Wastewater treatment decentralization: Is this the right direction for megacities in the global south?

Author(s): Ramzy Kahhat Abedrabbo, Ian Vázquez Rowe, André Torre García, Eduardo Parodi Gonzales Prada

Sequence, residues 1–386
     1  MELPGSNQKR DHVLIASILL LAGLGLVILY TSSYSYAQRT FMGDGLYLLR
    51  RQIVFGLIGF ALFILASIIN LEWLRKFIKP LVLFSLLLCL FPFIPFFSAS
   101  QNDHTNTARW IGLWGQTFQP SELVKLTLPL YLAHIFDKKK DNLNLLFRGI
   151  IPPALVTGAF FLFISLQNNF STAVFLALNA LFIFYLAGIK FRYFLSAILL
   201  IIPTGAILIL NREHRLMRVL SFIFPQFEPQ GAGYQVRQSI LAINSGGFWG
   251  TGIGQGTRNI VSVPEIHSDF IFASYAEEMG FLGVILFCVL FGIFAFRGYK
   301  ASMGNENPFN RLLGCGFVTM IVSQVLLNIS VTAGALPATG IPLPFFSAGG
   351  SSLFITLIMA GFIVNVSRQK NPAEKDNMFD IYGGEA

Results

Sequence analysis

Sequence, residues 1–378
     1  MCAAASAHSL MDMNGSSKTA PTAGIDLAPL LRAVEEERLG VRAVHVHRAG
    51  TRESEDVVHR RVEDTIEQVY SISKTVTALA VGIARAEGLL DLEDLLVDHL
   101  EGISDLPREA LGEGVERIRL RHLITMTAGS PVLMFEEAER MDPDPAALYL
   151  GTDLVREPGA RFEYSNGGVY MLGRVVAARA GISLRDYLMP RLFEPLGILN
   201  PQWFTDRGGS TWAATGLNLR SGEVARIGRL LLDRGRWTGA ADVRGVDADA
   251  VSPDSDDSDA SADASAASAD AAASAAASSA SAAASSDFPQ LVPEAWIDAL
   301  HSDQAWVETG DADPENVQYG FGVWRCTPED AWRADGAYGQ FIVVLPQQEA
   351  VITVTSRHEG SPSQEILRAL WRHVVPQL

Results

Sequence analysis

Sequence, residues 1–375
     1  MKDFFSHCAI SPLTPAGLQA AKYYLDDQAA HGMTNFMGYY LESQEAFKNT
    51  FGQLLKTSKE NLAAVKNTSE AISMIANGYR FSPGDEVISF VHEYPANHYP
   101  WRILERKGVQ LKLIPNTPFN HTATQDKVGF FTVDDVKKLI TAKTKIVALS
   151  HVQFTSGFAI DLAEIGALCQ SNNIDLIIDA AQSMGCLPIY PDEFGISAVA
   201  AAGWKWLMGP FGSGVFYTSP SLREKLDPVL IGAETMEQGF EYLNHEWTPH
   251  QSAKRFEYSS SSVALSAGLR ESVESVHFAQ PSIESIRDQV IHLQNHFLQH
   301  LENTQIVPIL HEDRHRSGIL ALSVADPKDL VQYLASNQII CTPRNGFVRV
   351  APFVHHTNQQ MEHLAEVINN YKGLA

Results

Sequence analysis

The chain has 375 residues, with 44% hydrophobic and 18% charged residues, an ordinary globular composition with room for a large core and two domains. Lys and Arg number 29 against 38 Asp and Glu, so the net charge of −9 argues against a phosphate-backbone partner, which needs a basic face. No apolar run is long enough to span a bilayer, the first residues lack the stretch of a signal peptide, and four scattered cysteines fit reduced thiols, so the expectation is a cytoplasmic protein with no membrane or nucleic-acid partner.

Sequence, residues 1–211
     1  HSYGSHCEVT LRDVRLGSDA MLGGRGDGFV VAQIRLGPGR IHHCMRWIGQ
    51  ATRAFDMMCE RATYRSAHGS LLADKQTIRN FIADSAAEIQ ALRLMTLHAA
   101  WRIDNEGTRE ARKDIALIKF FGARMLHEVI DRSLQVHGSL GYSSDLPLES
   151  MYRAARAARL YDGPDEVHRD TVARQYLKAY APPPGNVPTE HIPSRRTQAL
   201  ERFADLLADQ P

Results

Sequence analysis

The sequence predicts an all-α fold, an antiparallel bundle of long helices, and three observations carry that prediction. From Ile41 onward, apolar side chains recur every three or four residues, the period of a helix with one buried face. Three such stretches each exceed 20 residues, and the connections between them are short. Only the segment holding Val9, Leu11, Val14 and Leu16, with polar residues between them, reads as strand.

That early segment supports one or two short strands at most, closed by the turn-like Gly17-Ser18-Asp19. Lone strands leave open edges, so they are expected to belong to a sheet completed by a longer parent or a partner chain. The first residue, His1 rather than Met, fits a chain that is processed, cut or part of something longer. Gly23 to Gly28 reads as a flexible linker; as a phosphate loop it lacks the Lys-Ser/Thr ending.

(Español) The centralization-decentralization dichotomy in wastewater treatment management has been a recurrent topic of discussion in the urban context. The escalation of environmental hazards linked to increasing mismanaged wastewater flows in emerging or developing cities has vivified this conundrum. It is argued that there is a wide range of parameters to identify the optimal level of centralization-decentralization that must be implemented. In many cases, this prevents decision-makers from having a clear picture of the most appropriate management choices that must be undertaken. Hence, the main objective of the current discussion consists of an in-depth comparison between centralized wastewater treatment systems and decentralized systems with source separation in urban environments of the Global South. Moreover, a set of actions that should be considered in order to upgrade wastewater treatment systems amidst the existence of numerous economic, social and environmental constraints are analyzed. Considering the constraints of megacentralization as a preferred option, we argue that decision-makers should restrain from entering a centralization-decentralization dichotomy, seeing the process as a gradient between the two concepts. In fact, we advocate combining the benefits of each of the two perspectives to generate an adaptive management, site-specific solution for urban environments. For this, the inclusion of quantitative management tools, such as life-cycle environmental or cost management methodologies, in multi-objective optimization models, constitutes an interesting path forward towards fostering comprehensive policy support.

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